Now, remove the SD card from the Wii and insert it into the SD2SP2 adapter. You can then insert this adapter into Serial Port 2 on your GameCube.
How to Load Your GameCube Exploit
Now we have our files ready and SD2SP2 in place, insert your memory card back into your GameCube. Boot up your GameCube with no game inserted and head to your memory card settings. Check to make sure your exploit files have been copied across.
Now we have confirmed our exploit has successfully copied across to our memory card, its time to launch the game exploit, each one is launched slightly different, for mine, I have to let the Nintendo Logo load and choose 50hz mode, then I am booted into Swiss (autoexec.dol).
How to Load Backups on Your Gamecube
Using the homebrew swiss, we can load backups of GameCube games with a high level of compatibility. With Swiss, we can force games to run in certain video modes and bypass region protections.
To load GameCube backups, we will first need the game in an ISO format. The easiest way to make an ISO is with some Homebrew called CleanRip.
Download the latest version of CleanRip and extract the .DOL file from the zip file and put this on the root of your SD card, also download the GC.dat file and put this on the root of your SD.
Use your preferred method of loading Swiss and launch the CleanRip .DOL file.
Once CleanRip is loaded read the disclaimer and then press ‘A’ to continue. Select ‘No’ when it asks about enabling checksum calculations and press ‘A’. One this next screen you’ll want to select where ever you have your SD card loaded, for me it’s in the SP2 so I choose SD2SDP, if you have an SD gecko in a memory card, then choose whatever slot you have it in.
You may be prompted to insert your card, if its already in then press ‘A’ to continue and you’ll be prompted to insert the GameCube game DVD you want to back up. I will be making a backup of Sonic Mega Collection.
Insert your game and select No if asked if it’s a datel disc, now select ‘Yes’ to remember your settings next time and your game will begin to back up to the SD card.
This backup took just over 20 minutes to complete but this will vary from game to game. Once completed you can either press ‘A’ twice to dump another disc or press ‘B’ to exit. Your game ISO will now be on the root of your SD card.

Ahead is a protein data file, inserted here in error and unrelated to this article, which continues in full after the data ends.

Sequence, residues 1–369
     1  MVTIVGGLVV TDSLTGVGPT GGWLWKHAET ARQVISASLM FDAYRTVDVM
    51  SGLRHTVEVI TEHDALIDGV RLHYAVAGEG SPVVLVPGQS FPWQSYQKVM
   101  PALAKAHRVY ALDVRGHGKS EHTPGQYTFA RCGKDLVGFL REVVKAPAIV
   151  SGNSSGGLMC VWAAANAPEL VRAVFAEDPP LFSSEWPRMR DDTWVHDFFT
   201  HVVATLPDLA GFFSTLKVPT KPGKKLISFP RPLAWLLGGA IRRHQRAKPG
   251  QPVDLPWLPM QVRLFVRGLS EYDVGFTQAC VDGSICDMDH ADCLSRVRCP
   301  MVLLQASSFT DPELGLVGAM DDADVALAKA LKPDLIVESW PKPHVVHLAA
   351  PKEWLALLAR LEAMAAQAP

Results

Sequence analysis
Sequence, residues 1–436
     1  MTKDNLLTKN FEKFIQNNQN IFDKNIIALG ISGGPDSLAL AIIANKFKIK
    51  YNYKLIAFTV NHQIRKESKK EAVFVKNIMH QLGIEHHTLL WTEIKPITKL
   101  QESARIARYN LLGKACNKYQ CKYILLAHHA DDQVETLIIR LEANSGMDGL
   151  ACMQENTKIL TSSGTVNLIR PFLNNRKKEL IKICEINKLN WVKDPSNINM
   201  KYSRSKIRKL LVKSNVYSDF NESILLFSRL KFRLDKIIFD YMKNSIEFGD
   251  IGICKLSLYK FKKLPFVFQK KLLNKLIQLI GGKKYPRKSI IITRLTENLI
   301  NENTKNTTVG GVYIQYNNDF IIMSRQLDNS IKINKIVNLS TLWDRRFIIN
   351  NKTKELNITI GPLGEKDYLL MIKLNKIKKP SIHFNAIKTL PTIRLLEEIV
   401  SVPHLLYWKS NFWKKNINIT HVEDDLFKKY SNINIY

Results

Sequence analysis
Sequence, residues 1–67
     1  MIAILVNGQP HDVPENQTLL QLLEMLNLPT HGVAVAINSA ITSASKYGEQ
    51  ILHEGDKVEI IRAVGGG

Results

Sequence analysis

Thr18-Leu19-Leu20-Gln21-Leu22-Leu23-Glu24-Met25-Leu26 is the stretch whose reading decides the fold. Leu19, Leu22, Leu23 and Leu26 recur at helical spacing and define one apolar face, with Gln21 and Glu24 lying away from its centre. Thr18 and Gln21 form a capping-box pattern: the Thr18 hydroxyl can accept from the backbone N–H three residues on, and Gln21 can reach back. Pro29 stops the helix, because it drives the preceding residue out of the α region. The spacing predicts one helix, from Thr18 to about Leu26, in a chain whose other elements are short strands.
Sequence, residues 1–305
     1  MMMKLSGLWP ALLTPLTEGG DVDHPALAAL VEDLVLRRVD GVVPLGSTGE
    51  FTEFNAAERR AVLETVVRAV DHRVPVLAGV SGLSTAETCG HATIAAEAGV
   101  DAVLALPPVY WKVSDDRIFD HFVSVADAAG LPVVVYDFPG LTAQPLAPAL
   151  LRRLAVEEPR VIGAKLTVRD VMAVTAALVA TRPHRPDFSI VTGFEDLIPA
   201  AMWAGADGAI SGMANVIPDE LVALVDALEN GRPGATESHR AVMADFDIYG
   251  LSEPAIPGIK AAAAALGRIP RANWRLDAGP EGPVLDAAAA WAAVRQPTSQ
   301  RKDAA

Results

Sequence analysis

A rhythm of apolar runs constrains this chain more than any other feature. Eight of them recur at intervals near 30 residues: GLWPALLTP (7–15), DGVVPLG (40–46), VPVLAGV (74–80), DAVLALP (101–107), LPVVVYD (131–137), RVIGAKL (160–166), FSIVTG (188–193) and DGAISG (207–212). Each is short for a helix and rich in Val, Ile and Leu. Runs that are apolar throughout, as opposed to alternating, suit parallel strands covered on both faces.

To launch your game backup, head into swiss and you’ll see the game ISO in the main menu, you can organize this into folders if you like.
To run the game, select it in swiss and you’ll be given a few choices, you can press ‘X’ to open settings where you can force the game resolution, widescreen etc. Pressing ‘Y’ allows you to apply cheats to the current game and pressing ‘A’ will boot the game.
How to Load Homebrew and the Game Boy Interface
Loading Homebrew is as simple as copying a .dol file across to your SD card and launching it through Swiss. In my opinion, the best homebrew for the GameCube is the Game Boy Interface by Extrems.
The Game Boy Player itself is actual GBA hardware squished into for that sits on the bottom of your GameCube. This means it has 100% compatibility with all Game Boy Advance, Color and regular Game Boy games. However, there is a problem… The software.
The official Game Boy Player software is frankly quite bad, there’s noticeable delay, lag and very limited customization options. The software has two filters which both give a very bad image, especially on modern TVs.
As this is purely a software issue, Extrems was able to fix a lot of Nintendo’s wrongs and the results are outstanding, coming close to the presentation of a MiSTer core or Emulation.
You can download the latest version of Game Boy Interface here.
Once downloaded, you’ll notice there are quite a few versions to choose from. Here is a rough outline of the three different types included: –
The main version of GBI
With GBI and Swiss in conjunction, you can set resolution, aspect ratio and have access to an on-screen display that allows you to zoom your image and adjust it to just how you want.
HF version (high-fidelity)
This version is a low latency version designed primarily to run with upscalers like the OSSC and the Framemeister.
SR version (for SpeedRunners)
The most stripped-down version of GBI, the SR version is geared towards Speedrunning. Very low latency and even features an inbuilt TAS timer function.
Here’s a couple of captures from my set up to give you an idea, unfortunately, some of these images may automatically get compressed, but trust me, they look great!
OSSC Settings for Game Boy Interface
If you are using the OSSC like I am you will want to download the high-fidelity version (gbihf-ossc.gci).
This will allow you to get a 2x scaled image @ 360p60. I’m connected via RGB Scart which is composite as sync, so I set the following settings: –
Under ‘settings opt’, I set ‘Auto AV1 Y/Gs’ to YPbPr
In ‘Output opt’ I set ‘384p/400p proc’ to ‘either Line2x 240×360 or Line3x 240×360’
In the ‘sampling opt’ go to ‘Adv. Timing’ and set the H.Sample rate’ to 301, I find this is the best setting for me, yours may vary.
If you enjoyed reading my GameCube modding guide, I also wrote a guide on how to mod the Wii U. With a modded Wii U you can run GameCube games in HD and even use your Wii U gamepad as a controller, please consider checking it out!